Senate Majority Leader Mitch McConnell has a lot to contend with these days. Donald Trump’s push to reshape the GOP around an ideology best defined as vulgarian fascism has Senate Republicans terrified of losing their majority come November. The only other semi-serious contender in the GOP presidential hunt, Senator Ted Cruz, rose to fame by bashing McConnell as a spineless, soulless, chinless liar—and then he dropped out on Tuesday night, meaning he’ll soon be returning full-time to tormenting his leader. And the death of Justice Antonin Scalia in February fated McConnell to spend the rest of this year explaining to the country why President Obama does not in fact have the right to appoint his successor to the High Court. Small wonder McConnell has the Senate working the fewest days of any session in 60 years; the beleaguered leader clearly could use a little extra “me” time.
In the midst of all the chaos and uncertainty, however, McConnell has one political ace up his sleeve: the House Freedom Caucus.
Don’t misunderstand. Freedom Caucus crusaders loathe McConnell, maybe even more than they loathe President Obama. (Obama may be an infidel, but McConnell is a heretic, which dooms him to a much nastier circle of hell.) Cynical, opportunistic, and establishment to his core, McConnell represents, in conservative purists’ minds, all that is wrong with the GOP. It is the rare Freedom Caucuser who misses an opportunity—in one-on-one chats and public forums alike—to take a shot at the Senate leader. In late March, some angry caucus members suggested that, if McConnell failed to properly shepherd yet another one of their pet bills, he would need to go the way of deposed Speaker John Boehner. (How exactly members of the lower chamber plan to overthrow the head of the upper chamber is not entirely clear.) For a sense of the level of passions at play here, cue up last season’s Game of Thrones finale, in which Jon Snow was butchered by his own troops. That should clear things up.
Which makes it more than a little ironic that, whatever the Freedom Caucus’s feelings for McConnell, its members have been making his job considerably easier this session with their dogged obstructionism. By reducing the House to a perpetual hot mess, the conservative rebels have time and again prevented ticklish legislation from passing, frequently allowing McConnell to duck uncomfortable debates in his own chamber.
Just look at what’s been going on with the Puerto Rico debt crisis the past couple of weeks. (Wait! Don’t doze off. Having a U.S. territory of 3.5 million people spiral into chaos would be a very bad thing.) On May 1, the island missed a $422 million debt payment, and unless U.S. lawmakers stop dorking around, the situation promises to get much grimmer. Speaker Paul Ryan has been sweating blood trying to get a majority of his members to embrace a restructuring plan for the commonwealth’s $72 billion debt burden. Thus far, conservatives are having none of it, fearful that Ryan is snookering them into supporting a big, fat taxpayer bailout of San Juan. (Quick fact check: The proposal Ryan is pushing commits no taxpayer money to Puerto Rico and is aimed at preventing a bailout down the road.)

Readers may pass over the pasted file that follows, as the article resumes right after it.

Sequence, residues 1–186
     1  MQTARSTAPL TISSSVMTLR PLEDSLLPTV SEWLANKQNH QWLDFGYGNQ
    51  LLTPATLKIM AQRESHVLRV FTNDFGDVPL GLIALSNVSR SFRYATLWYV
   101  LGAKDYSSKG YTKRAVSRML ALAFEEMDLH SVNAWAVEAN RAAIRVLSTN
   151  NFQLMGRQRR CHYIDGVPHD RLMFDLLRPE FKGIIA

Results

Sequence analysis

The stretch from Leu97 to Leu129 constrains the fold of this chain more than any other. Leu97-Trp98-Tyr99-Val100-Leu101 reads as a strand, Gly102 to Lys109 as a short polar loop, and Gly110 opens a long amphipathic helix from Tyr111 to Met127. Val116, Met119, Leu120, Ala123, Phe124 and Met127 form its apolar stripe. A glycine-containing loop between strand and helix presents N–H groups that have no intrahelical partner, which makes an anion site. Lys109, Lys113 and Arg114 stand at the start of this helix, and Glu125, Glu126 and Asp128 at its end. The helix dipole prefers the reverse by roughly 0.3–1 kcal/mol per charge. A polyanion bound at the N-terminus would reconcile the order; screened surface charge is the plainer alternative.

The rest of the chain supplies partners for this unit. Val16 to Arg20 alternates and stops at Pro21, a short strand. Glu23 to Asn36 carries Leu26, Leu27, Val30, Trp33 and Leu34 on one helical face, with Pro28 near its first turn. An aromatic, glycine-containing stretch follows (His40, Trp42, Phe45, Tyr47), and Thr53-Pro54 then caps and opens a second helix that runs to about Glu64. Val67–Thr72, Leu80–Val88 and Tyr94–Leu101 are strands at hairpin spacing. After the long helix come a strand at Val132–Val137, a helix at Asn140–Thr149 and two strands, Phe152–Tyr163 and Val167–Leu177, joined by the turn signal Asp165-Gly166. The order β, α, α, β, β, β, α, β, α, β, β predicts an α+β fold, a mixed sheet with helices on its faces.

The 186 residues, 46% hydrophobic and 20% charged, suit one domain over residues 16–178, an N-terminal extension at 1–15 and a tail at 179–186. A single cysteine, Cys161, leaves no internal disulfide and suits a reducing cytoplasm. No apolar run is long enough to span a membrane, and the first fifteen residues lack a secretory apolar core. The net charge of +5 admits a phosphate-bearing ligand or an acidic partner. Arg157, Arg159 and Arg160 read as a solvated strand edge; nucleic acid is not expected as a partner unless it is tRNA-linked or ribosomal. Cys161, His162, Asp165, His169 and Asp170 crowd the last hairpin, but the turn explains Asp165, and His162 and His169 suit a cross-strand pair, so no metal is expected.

Clearly, now is the time for strong, decisive leadership from the more level-headed Senate. So what plan of action did McConnell announce early last week, as the debt-payment deadline loomed? “We're going to let the House go first on Puerto Rico.”
Now there is some bold leadership.
Not that this would surprise anyone keeping an eye on Congress’s slow-moving budget-resolution train wreck. This was the year when a resolution should have been easy-peasy, thanks to John Boehner’s hammering out the topline spending levels in the two-year agreement he handed Ryan as a parting gift last October. But Freedom Caucus members decided they simply couldn’t live with those numbers, and so the House’s budget has been stalled for weeks now. McConnell, in turn, didn’t even try for a resolution. Instead, he turned things over to Budget Committee Chairman Mike Enzi, who, minus an agreement, has the authority to set topline spending levels himself—which he promptly did, based on Boehner’s plan. Et voila! Debate and awkward votes averted.
Making McConnell’s life even easier: the Freedom Caucus’s renewed insistence on the Hastert Rule (also known as “the majority of the majority” rule among those who’d just as soon not be reminded of recently convicted ex-Speaker Dennis Hastert). Under Boehner, the practice of not bringing legislation to the floor without the support of a majority of Republican members fell by the wayside, as Freedom Caucusers grew increasingly troublesome. When Ryan took over, he vowed to respect the rule once more. And so herding the cats grew even more complicated.
Notably, the one area where the Freedom Caucus offers McConnell no cover is in the bitter PR battle over the Supreme Court vacancy. The House plays zero role in the confirmation of justices, which means public ire over the stonewalling of Judge Merrick Garland’s nomination must fall solidly on McConnell. Thrilled by the opening, Democrats are working hard to make the majority leader and his members feel the heat.
For the most part, however, McConnell has found that the Freedom Caucus has its uses—at least during an election year, when he doesn’t want his conference taking risky votes. This way, whenever Democrats or the general public starts grumbling about Congress’s infuriating inability to get stuff done, the Senate leader can shrug and wave archly in the direction of the troublemakers in the House. If, in return, they want to run around talking smack about him, McConnell can live with that.
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